Planning Inspectorate decides that Locks Hill building works cannot restart

The Planning Inspectorate has turned down an appeal to vary a previous planning permission on the Locks Hill site at Kingsbridge.

The Inspector concluded that the developer Garden Mill Ltd (formerly known as Blakesley Estates) had not complied with a planning condition on the planning permission to build 32 homes on the Locks Hill Site. The planning permission had lapsed, so it cannot be varied, and the appeal was dismissed.

Cllr Dan Thomas, South Hams District Council’s Executive Member for Planning,said: “We have known about the issues at Locks Hill for a very long time. During that time, both our Legal and Planning teams have carried out some fantastic work behind the scenes. 

“Ongoing legal proceedings mean that we cannot say too much at this time. However, the decision by the Planning Inspectorate has shown our full understanding of the issues surrounding the site and has vindicated the decisions we’ve made around the breach of the planning condition.

“There has been a longstanding commitment on behalf of the Council, supported by our local MPs, to take robust action regarding breaches of planning.

“This has been an issue that has gone on for many years, and we have worked tirelessly to reach this very satisfying outcome.”

Planning permission for the Locks Hill site was granted by the Planning Inspectorate on appeal in 2017, after it had originally been refused by South Hams District Council in 2016.

The green light for the development hinged on the importance of retaining and adding to the trees and vegetation on the edge of the site, to limit the impact that building work and the development would have on Buttville House, a Grade-II listed building that neighbours Locks Hill. Trees on the north-east corner of the site were particularly important to screening and sheltering Buttville House from the development.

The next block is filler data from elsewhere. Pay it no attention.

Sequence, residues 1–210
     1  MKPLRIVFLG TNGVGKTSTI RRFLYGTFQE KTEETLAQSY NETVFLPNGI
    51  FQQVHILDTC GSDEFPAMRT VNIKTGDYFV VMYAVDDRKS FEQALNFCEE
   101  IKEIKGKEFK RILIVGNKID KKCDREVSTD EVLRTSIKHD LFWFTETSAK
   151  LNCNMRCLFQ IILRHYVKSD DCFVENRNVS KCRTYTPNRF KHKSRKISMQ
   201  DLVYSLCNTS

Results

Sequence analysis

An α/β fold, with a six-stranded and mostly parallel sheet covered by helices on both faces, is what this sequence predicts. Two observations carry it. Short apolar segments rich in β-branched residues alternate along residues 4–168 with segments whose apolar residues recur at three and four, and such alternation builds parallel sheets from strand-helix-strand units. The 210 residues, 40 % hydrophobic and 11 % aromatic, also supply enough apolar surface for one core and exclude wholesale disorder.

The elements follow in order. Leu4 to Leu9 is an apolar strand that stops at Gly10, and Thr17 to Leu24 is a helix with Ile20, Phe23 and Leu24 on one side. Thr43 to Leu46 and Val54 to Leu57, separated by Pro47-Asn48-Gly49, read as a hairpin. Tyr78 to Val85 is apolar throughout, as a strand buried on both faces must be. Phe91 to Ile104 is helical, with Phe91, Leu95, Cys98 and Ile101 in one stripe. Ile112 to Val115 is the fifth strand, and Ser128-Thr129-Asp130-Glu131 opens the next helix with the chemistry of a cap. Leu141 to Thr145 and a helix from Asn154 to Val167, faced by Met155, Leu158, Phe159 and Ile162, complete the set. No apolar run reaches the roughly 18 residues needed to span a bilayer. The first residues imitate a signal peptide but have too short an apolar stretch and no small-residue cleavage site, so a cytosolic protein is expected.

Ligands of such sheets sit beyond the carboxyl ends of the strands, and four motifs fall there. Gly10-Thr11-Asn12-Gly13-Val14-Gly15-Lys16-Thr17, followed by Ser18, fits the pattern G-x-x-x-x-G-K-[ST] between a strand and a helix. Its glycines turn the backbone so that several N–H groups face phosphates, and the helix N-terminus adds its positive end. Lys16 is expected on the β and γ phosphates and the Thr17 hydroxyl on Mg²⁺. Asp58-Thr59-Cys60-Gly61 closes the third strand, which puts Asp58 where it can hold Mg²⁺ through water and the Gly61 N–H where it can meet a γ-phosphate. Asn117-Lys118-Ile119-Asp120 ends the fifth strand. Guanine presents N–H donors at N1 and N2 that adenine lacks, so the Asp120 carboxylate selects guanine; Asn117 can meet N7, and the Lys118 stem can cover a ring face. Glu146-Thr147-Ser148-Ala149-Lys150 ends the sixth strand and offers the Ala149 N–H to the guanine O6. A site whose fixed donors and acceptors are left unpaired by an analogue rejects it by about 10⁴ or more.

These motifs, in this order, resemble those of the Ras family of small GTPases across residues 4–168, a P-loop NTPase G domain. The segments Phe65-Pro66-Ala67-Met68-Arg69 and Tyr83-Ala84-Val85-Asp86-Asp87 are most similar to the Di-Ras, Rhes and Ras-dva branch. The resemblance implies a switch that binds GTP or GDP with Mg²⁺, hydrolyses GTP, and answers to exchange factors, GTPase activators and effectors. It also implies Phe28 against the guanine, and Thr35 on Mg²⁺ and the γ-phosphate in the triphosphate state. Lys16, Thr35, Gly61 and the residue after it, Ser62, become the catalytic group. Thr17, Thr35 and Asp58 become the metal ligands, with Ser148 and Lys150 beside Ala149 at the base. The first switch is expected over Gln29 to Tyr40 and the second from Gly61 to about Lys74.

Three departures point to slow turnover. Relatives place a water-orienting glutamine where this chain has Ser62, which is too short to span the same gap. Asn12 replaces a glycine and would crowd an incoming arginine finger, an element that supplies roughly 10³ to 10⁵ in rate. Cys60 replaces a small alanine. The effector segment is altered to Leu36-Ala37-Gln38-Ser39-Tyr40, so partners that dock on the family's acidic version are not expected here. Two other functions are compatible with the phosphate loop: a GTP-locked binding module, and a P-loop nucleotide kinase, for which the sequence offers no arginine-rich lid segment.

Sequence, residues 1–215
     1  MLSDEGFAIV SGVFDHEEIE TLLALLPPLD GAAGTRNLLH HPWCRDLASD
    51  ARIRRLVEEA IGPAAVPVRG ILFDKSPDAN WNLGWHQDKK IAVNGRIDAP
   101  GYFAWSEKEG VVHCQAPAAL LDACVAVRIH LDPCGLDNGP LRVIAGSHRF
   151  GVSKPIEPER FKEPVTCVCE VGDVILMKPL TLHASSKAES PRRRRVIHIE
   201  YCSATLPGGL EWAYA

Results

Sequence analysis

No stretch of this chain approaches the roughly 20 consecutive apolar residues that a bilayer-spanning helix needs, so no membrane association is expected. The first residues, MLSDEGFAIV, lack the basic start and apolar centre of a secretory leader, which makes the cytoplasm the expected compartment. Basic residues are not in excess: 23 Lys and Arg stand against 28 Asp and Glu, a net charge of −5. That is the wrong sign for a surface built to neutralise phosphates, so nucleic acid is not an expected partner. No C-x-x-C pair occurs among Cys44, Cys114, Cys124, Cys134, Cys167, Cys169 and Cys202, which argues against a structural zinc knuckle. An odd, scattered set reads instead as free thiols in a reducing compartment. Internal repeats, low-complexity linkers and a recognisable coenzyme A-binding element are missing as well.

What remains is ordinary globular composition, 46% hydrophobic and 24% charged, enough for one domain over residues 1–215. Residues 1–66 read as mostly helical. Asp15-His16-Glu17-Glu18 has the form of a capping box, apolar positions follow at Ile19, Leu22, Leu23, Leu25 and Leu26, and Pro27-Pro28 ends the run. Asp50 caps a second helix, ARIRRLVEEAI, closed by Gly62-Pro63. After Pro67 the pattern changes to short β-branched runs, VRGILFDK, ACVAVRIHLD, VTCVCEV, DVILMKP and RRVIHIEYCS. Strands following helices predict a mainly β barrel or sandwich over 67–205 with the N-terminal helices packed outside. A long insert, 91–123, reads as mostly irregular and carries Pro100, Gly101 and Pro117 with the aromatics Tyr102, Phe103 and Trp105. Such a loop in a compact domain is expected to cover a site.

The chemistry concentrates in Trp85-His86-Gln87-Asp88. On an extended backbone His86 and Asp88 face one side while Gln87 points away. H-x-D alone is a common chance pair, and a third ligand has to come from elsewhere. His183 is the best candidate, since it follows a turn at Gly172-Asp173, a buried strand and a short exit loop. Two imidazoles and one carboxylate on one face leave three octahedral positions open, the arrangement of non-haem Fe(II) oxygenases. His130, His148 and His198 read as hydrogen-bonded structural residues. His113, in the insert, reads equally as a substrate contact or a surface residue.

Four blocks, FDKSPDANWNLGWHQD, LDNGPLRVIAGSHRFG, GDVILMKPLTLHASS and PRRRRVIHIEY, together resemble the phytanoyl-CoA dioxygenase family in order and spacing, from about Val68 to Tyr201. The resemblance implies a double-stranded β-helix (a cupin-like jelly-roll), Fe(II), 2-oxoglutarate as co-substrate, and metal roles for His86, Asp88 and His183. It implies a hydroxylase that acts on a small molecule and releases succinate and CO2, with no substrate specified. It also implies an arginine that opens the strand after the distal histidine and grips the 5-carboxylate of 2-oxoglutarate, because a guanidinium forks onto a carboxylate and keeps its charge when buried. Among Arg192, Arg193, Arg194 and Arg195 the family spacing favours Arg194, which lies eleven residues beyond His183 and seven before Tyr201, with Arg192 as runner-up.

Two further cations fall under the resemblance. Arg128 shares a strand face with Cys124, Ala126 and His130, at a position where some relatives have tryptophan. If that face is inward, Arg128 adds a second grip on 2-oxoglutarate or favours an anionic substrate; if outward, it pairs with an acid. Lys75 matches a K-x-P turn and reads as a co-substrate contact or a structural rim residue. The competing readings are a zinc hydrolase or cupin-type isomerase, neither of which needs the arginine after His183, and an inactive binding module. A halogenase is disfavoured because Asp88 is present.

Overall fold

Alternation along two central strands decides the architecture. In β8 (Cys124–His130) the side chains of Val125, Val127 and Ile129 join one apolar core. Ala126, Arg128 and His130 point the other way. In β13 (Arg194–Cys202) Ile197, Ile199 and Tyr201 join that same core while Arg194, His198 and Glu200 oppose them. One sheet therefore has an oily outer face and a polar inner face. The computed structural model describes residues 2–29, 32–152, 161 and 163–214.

Conditions on the planning application agreed that “no site clearance, preparatory work or development shall take place until a scheme for the protection of the retained trees (the tree protection plan) and the appropriate working methods (the arboricultural method statement)” were in place.

The developer informed the District Council that work would begin on the site on 27 May 2021, but evidence has proven that “substantive activity” began on the site began before this date, without adequate tree protection fencing that met the requirements of the tree protection plan.

In their decision to turn down the appeals, the Planning Inspectorate noted that this lack of adequate protection for the trees meant “a breach has clearly taken place”. It added that any work done on the site before 21 December 2022 was “not lawful and the host permission lapsed at that point”.

The Planning Inspectorate also awarded South Hams District Council a partial award of costs from the developer.